To begin with, I’m the most unlikely person one would expect to write novel and have it published. After spending my whole career in science and medicine, many thought the transition would be almost impossible. With little encouragement, I sat down about eight years ago and began writing fiction. Encouraged by other physicians who became writers such as Michael Crichton and F. Paul Wilson, I set off on an entirely new path in my life.
However, I received the first inspiration for writing while I was still in my medical training, long before I wrote my first novel.During internship, I saw how “gene therapy” directly led to the untimely death of many young patients. What happened in each instance was that the virus that was used to insert a “healthy gene” killed the person outright or caused a life-threatening leukemia-like disease.
When this event occurred about 15 years ago, I asked myself, “What would happen if that virus that caused these kids’ deaths got loose?” It was a reasonable question because the virus the scientists used in the gene therapy caused the common cold and is easily transmittable. This basic, yet pertinent question set the stage for my novel, The New Reality.
However, I found writing the novel to be by far the easiest part of the whole process. Next came the almost impossible task of finding an agent. After numerous rejections and a failed courting with my first agent, I finally signed on with someone who truly believed in my work. Fortunately, after an attempt at self-publishing and the closure of 3 publishing presses who initially signed on with me, I finally received an official publishing agreement with an agency that did not go defunct. The joy of having a contract, however, was immediately tempered with the sad news of the unexpected death of my agent.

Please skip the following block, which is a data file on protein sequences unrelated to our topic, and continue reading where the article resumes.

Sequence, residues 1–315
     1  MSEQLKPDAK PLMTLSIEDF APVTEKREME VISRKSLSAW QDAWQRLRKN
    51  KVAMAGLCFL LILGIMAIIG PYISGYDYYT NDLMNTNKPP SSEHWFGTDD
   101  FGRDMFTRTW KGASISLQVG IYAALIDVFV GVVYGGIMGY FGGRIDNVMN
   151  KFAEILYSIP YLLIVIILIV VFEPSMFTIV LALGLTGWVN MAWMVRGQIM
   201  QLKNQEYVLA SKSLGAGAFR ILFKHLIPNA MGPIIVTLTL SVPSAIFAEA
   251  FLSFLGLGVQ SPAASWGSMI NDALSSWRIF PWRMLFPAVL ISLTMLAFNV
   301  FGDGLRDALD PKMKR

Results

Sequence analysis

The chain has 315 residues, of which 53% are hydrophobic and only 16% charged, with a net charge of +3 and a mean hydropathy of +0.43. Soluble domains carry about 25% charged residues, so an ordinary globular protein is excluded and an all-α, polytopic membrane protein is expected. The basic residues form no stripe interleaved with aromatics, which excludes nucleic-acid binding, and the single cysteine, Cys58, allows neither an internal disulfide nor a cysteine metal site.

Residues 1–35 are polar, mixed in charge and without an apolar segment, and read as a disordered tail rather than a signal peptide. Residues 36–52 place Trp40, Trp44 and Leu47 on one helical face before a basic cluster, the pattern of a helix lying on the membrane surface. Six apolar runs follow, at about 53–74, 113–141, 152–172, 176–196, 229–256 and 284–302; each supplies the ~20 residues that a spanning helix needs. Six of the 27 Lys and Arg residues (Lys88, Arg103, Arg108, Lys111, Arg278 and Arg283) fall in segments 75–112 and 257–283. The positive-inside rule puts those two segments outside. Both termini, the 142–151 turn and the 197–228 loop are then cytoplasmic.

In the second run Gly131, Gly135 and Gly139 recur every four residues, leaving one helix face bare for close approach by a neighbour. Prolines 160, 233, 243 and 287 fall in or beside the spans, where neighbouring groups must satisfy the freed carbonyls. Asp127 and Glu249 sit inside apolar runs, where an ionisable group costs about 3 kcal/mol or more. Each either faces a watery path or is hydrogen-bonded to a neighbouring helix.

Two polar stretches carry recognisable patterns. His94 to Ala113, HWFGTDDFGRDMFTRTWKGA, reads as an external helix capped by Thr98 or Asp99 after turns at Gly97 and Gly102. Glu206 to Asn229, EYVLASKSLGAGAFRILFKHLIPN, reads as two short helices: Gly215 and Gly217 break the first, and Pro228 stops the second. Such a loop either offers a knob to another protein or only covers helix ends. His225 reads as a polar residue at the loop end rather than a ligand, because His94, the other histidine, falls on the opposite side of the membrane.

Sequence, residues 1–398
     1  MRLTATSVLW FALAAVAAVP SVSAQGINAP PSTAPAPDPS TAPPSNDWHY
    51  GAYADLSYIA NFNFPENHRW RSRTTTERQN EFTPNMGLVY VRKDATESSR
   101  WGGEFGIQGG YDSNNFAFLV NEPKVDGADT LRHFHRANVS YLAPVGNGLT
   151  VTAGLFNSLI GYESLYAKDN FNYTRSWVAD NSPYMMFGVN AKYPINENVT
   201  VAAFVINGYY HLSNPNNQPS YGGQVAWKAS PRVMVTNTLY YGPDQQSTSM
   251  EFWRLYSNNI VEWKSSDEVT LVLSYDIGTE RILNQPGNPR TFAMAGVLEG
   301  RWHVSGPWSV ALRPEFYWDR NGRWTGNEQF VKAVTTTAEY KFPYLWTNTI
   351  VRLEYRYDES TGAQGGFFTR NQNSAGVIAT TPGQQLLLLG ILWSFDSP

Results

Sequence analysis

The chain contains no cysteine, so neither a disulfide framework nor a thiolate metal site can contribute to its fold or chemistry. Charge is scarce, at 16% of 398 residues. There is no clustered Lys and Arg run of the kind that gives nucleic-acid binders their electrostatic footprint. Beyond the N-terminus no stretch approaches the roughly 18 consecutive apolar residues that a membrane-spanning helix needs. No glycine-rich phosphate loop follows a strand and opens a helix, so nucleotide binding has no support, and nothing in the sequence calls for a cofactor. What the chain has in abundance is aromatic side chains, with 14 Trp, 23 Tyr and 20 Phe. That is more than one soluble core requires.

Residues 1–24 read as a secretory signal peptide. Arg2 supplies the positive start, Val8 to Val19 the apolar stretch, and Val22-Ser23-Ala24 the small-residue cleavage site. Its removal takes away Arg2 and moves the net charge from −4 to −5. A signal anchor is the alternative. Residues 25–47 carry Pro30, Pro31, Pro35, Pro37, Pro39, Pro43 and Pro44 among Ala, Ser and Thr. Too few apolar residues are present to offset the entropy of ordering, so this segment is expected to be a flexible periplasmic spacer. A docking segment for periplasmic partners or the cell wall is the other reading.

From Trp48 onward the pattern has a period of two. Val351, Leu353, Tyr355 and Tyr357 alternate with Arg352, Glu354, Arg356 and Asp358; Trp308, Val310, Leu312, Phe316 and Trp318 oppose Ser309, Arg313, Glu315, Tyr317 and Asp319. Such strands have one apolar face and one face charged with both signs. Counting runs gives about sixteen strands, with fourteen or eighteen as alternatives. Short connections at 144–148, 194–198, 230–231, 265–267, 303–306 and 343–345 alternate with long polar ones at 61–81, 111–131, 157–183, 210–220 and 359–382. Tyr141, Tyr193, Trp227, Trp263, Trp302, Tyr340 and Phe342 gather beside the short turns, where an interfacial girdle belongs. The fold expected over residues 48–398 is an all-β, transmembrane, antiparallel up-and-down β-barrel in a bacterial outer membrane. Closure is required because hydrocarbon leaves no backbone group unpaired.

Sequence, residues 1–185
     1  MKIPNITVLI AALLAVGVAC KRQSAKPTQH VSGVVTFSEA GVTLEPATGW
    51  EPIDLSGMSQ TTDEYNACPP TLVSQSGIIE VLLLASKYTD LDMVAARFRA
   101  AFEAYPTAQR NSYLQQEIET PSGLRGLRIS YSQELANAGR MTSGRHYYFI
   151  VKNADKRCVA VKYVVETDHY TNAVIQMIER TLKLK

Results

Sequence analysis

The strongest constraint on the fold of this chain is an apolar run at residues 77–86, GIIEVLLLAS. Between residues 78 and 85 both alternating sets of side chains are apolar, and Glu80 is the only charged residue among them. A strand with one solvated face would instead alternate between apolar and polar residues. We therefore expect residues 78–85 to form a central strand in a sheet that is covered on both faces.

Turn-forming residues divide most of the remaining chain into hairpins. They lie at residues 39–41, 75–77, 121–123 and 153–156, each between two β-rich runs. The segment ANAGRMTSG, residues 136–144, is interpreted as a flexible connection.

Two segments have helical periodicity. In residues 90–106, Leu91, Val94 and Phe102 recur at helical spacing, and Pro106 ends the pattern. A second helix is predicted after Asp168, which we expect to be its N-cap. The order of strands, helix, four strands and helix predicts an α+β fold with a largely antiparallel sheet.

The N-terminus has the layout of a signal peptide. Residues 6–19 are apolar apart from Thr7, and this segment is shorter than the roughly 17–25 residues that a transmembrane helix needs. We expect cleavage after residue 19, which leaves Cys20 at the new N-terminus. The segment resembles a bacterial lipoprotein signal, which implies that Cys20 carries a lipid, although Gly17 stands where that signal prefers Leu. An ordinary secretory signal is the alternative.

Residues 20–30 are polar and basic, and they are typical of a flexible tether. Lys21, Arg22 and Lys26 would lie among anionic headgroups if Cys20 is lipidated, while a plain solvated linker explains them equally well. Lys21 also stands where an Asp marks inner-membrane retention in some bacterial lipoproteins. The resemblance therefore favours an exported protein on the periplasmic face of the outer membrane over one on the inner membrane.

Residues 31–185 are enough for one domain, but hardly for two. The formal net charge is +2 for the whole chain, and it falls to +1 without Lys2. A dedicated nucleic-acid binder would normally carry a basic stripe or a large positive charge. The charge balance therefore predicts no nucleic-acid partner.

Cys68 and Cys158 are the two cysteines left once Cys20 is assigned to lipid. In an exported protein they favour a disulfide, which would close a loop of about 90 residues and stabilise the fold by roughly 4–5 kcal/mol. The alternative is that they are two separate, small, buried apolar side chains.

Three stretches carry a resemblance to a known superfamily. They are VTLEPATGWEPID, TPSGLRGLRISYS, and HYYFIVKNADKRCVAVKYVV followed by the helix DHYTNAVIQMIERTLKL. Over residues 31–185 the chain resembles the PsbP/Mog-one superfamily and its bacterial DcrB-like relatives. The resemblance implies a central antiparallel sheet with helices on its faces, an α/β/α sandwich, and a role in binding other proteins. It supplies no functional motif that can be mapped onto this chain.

Tommy Hilfiger’s quote accurately sums up both my experience in writing and in my medical career, “The road to success is not easy to navigate, but with hard work, drive and passion, it’s possible to achieve the American dream.” Though the path to publication has been tempered with both its high and low moments, the journey has been one that was well worth taking, and I am thoroughly glad I decided to take the trip.
Stephen Martino holds an M.D. from the University of Pennsylvania and is a neurologist in New Jersey. When he is not working, he can be found with his five children doing homework or cheering them on at a soccer field, basketball court, or dance recital. Martino is a member of the Knights of Columbus, a Cub Scout den leader and is an active public speaker, helping to educate the local community and healthcare professionals on the signs, symptoms and treatment of stroke. THE NEW REALITY is his first novel.
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